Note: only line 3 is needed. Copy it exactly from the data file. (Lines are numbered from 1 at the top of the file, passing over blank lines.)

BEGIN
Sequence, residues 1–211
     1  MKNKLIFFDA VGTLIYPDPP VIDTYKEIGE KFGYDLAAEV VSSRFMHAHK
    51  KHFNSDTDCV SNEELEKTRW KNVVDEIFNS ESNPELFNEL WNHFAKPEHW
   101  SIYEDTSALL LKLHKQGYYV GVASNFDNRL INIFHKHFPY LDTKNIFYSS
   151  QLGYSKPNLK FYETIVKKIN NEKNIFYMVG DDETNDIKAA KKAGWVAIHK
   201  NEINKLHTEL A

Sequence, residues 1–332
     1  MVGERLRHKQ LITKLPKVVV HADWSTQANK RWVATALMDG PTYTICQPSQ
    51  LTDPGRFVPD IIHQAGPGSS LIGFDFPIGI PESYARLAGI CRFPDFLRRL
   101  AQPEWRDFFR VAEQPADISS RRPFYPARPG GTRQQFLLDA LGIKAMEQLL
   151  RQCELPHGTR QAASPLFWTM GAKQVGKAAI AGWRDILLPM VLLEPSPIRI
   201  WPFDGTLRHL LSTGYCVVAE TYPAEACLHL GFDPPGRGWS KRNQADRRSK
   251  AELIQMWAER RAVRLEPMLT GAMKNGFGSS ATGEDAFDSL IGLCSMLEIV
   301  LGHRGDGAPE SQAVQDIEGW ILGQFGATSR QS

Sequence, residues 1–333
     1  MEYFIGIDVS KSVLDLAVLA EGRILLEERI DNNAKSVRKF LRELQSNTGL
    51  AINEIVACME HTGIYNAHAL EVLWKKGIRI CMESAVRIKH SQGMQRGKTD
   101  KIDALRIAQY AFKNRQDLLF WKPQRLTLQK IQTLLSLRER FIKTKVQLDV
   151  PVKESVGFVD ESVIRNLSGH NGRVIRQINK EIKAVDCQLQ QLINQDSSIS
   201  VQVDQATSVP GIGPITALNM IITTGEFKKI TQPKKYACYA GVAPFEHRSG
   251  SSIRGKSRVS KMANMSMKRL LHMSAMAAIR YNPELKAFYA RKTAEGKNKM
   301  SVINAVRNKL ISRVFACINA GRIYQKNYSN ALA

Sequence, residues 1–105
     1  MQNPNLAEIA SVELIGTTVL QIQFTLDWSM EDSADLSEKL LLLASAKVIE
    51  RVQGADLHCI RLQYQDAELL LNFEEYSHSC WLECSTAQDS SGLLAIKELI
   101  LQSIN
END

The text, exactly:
    51  KHFNSDTDCV SNEELEKTRW KNVVDEIFNS ESNPELFNEL WNHFAKPEHW